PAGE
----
What to Do Where the Sidewalk Ends

Sidewalks blocked by construction are a problem everywhere — perhaps even more so since the real estate bubble burst, and so many projects have been indefinitely halted. Today on the Streetsblog Network, Broken Sidewalk reports on the issue from Louisville, Kentucky. Apparently developers in that city routinely make no provision for the safe passage of pedestrians during construction — and one local advocacy group, the Coalition for the Advancement of Regional Transportation (CART) is calling for change:

sidewalk_closed_03_500x375.jpgConstruction forces pedestrians out into a busy street in Louisville, Kentucky. Photo: CART

Sidewalks are too often neglected by construction sites around the
city.  It’s easy to block a sidewalk and assume pedestrians — like
water —  will find a way around. Examples abound all over the city,
but CART recently picked up on

a sidewalk that has apparently been blocked on heavily traveled
Bardstown Road and plans a rally Monday afternoon to draw attention to
pedestrian rights.…Here’s what CART has to say about the issue:

"The city has issued a permit shutting down walking on
one side of Bardstown Road for almost a month. Crossing to the other
side of the road is highly impractical – Bardstown is a busy 4 lane
arterial. They can require the construction of a plywood tunnel, but
they have not. They can annex the adjacent flex lane for people on
foot, but they have not. There’s a whole library of tools they could
employ, but they have not.

“At some level the city knows these closures result in people taking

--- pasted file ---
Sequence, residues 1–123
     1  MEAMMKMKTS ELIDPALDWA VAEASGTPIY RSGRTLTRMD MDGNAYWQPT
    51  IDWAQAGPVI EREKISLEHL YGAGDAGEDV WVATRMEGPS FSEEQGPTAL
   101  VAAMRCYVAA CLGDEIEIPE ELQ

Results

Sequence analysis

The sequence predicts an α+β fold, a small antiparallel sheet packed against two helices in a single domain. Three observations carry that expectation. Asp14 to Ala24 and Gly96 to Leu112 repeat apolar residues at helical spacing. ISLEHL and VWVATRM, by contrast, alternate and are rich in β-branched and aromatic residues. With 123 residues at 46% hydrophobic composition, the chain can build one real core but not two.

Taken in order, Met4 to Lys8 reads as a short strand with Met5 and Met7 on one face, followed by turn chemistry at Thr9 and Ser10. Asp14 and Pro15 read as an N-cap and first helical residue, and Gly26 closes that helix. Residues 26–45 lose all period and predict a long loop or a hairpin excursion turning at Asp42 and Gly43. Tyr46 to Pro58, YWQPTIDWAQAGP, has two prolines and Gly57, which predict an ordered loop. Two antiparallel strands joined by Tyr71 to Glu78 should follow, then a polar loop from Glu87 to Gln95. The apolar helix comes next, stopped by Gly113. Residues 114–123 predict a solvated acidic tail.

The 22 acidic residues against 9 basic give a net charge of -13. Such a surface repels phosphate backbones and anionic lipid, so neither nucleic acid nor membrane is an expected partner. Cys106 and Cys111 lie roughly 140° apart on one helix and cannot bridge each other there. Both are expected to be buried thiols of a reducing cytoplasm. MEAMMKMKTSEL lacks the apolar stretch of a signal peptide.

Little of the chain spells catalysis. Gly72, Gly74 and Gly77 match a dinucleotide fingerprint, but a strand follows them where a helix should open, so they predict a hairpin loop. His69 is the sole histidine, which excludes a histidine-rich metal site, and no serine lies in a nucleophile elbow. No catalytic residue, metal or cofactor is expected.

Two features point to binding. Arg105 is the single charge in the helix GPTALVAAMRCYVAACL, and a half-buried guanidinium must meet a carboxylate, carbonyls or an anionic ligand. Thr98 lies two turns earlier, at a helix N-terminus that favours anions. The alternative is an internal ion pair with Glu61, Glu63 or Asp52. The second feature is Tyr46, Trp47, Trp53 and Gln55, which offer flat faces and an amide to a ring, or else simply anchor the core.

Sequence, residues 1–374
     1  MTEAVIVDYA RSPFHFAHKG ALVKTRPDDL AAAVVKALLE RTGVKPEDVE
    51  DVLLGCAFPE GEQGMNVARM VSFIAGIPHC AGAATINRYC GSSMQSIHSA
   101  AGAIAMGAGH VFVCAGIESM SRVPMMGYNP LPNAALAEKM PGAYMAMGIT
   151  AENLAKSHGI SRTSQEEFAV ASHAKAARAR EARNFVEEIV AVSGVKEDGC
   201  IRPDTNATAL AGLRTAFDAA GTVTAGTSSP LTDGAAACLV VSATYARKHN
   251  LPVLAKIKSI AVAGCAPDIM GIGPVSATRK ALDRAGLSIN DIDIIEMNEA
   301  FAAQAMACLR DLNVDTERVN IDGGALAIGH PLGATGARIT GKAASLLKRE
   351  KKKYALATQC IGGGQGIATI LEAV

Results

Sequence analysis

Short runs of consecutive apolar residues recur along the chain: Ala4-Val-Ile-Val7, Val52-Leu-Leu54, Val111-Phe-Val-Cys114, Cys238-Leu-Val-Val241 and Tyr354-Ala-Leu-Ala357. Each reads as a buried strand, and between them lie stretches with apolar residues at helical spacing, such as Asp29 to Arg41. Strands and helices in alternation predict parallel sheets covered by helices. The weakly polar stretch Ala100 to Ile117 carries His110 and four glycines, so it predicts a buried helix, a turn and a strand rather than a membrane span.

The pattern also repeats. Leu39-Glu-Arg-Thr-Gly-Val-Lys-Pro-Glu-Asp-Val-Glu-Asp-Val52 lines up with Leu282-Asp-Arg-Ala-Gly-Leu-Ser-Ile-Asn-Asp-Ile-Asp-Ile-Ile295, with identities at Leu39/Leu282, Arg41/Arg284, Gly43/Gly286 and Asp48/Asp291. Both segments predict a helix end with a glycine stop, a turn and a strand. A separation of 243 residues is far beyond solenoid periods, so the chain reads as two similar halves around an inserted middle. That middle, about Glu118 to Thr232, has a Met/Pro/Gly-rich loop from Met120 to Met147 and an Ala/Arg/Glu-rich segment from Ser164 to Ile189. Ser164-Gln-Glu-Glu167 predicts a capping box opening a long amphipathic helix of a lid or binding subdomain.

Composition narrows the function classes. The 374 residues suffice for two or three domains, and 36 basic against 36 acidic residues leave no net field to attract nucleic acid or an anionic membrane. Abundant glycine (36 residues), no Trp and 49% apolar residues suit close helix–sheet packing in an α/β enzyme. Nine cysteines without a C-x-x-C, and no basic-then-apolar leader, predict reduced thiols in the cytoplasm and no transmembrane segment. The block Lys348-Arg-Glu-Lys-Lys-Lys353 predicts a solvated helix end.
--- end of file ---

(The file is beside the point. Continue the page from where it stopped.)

risks. But even more insidious is the destruction of walking as a
viable means of transportation. When you stand in front of this closed
sidewalk, no number of walkability plans will convince you that walking
is valued in Louisville.…"

In New York City, many construction sites provide at least some protected walkways for displaced pedestrians, although these are often inadequate. What’s the procedure in your municipality?

More from around the network: SoapBoxLA on the new LAPD chief’s impressive outreach to bicyclists. Good news on rising numbers of people on bicycles from Biking Toronto. And How We Drive has the scoop on how porn caused a traffic jam in Moscow.

  • Thanks for the link, and it’s true… more and more people in Toronto are discovering bikes… a full 54% are some kind of either recreational or utilitarian cyclist. Not to say that 54% of Torontonians use their bike every day, but that many uses their bike at least sometimes.

    Pretty good for a city of 2.5 million. That means 1,350,000 of us use bikes. 🙂

  • Laura G

    Having recently moved from Brooklyn to Richmond, VA, I’ve really noticed the detrimental effect of not having pedestrian passages around/through construction sites when the sidewalk is blocked. I find myself frequently being forced to walk in the street with cars whose drivers act like I’m the one doing something wrong when the (deliberately?) fly by within a foot of me, despite the fact that there’s a whole other clear lane into which they could have switched. Maybe if I was used to sidewalk closings with no work-around I would look ahead for them and cross at the previous intersection, but it still shocks me every time.

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